Mimi Song: There’s a lot of people, I feel like, that fell transfer pricing. Not a lot of people grow up thinking that they want to be a transfer pricing honest. But given that we were talking about the current transfer pricing landscape and you know how generic reports don’t work anymore.

And in fact, you know, David, when you work with a new client and you go over their existing documentation, what are the kinds of things that you notice or what are the potential gaps in the reports that you see?

David Bokuvac: The biggest gaps in the reports that I see are that they’re incomplete. My experience is that transfer pricing that’s done by a Big Four firm or any consultant that tends to be expensive because accounting firms throw bodies at this to do it. And so the more time it takes, the more expensive the reports are, and so they have to find ways to cut corners. They end up cutting things out of the reports that really should be there.

But a lot of firms figure, “Well, you know, what’s really important is the number at the end of the day, so we’ll get the calculation correct, but you know, everything else will suffer a little bit.”

We get where they’re coming from there, but the problem with that is if you hand that to a tax authority. When they open the cover, they’re looking for those specific things that show that you’ve paid attention to things that are happening in that country and the laws that apply there. When those things are missing, you get a huge red flag. Even if the numbers are perfectly correct, the tax authority could say, “Hey, you know what? I don’t like your report and take issue with it.”

Mimi Song: Nicole, What are some of those specific requirements that countries are looking for now?

Nicole Sciutto: So countries are looking for local benchmarks. They’re looking for a local documentation that answers specific questions that certain jurisdictions are looking for. They like to calculate those benchmarks differently based on a different jurisdiction. And there’s many components. One example we see time and time again is that a client will get a study done by one of these big firms for compliance purposes and planning purposes. But for planning purposes, a benchmark memo does not rise to the level of jurisdictional requirements for documentation. So just because you have a benchmark and it was prepared by one of these firms, there are many elements missing to that report that’s a required.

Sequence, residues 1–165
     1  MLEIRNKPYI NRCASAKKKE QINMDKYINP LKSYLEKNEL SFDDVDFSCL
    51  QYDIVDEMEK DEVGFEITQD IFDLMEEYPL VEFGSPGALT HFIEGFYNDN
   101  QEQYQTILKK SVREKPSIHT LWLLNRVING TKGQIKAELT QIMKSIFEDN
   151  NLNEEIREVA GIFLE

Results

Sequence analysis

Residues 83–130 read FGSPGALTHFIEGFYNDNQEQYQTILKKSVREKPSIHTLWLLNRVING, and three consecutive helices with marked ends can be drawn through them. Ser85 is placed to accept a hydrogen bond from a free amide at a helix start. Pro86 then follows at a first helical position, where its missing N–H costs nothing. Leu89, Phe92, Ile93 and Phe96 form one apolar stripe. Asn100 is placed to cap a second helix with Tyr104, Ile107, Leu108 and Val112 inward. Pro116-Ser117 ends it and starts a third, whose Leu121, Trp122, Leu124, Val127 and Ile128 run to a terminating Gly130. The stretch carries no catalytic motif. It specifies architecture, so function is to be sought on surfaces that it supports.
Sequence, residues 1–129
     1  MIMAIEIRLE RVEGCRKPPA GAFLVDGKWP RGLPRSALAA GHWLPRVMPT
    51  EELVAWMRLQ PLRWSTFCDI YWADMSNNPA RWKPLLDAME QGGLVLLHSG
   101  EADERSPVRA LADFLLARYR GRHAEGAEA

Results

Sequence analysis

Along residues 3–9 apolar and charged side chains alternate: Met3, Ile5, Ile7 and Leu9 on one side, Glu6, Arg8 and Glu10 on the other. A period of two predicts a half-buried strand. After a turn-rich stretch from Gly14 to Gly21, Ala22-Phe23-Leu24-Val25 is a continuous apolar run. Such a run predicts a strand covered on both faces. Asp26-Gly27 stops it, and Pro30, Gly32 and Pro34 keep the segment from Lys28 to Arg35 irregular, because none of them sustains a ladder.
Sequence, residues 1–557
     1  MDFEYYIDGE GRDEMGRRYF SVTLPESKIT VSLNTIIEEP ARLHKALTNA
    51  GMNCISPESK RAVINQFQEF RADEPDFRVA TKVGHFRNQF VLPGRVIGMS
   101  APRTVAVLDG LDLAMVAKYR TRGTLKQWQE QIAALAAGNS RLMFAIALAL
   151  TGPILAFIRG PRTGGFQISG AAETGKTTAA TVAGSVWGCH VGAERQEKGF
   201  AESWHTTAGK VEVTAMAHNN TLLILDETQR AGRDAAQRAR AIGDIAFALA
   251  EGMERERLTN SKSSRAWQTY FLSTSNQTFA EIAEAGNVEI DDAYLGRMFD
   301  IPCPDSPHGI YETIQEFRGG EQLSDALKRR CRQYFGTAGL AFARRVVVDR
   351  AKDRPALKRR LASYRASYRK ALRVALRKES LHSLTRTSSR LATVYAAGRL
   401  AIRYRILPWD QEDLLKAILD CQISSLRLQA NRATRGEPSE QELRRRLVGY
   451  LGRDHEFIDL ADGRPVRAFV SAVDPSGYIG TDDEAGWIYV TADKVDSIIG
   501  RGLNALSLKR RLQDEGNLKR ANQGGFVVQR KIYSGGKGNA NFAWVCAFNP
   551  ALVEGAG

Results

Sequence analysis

Matthew DeMello: Just a quick question a little bit more for the folks outside of the discipline of transfer pricing that I’m thinking of. But given the approach that these big accounting firms are taking with what you’re describing and the ever-intensifying global regulatory environment, Nicole, why are we still seeing such inaccurate reporting?

Nicole Scuitto: Well, the answer is really simple. It’s because it costs a fortune to do it the right way. Especially using traditional firms, it costs a fortune. You’re working with an hourly billing model, and the fact of the matter is after BEPS, having a generic report is only cost-effective way to get it done. But the truth is it really doesn’t cover you. There is no protection. It’s not really insuring you any audit safety. As far as coverage goes, a tax authority has zero interest in a generic report. And so although you’ve gone through all these hoops to create a report, the tax authority is going to just throw out that report and look at it the way that they want to look at it.

Matthew DeMello: But even generic reports aren’t cheap and you might agree with that. Given your background in putting together these reports for multinationals and even cutting corners. The whole thing still takes a very long time.

So let’s talk about the OECD and the BEPS action 13 package of measures that they released in November 2015. BEPS stands for base erosion and profit shifting, but maybe we can get a more effective definition explainer from Fiona of what the plan is in its impact on the transfer pricing industry. Fiona, can you tell us about the BEPS action plan?

Fiona: I’d be delighted. BEPS section 13 is the OECD is transfer pricing documentation recommendation. It suggests a three-tiered approach: the master file, the local file, and the CBC report for tax years beginning after January 1st, 2016.

Matthew DeMello:  And that all wasn’t that long ago. Nicole, how do you think the BEPS action plan impacts generic reports?

Nicole Sciutto: It kills them. It renders them completely useless. They weren’t all that acceptable before, but now with so many countries differentiating their regulations, you really can’t use those sort of generic reports at all. You must have reports that cover the rules and regulations that are espoused by the local countries themselves.